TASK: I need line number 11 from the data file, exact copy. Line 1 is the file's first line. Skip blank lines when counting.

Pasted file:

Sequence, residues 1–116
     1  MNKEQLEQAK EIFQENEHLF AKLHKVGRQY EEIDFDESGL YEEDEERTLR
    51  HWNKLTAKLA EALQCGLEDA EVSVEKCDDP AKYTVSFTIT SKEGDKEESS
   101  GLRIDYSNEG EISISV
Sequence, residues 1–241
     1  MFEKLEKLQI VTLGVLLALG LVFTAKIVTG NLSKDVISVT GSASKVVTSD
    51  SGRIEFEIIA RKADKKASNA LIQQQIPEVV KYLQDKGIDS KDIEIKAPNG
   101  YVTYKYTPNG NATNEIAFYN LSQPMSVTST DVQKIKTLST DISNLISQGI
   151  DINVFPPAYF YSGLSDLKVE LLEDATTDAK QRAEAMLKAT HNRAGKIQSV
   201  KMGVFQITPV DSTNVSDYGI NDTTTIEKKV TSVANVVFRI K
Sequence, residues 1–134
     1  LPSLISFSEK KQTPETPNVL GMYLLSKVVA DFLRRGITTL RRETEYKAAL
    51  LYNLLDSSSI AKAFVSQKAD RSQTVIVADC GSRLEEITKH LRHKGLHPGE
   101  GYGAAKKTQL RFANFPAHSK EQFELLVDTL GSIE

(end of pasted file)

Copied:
Sequence, residues 1–134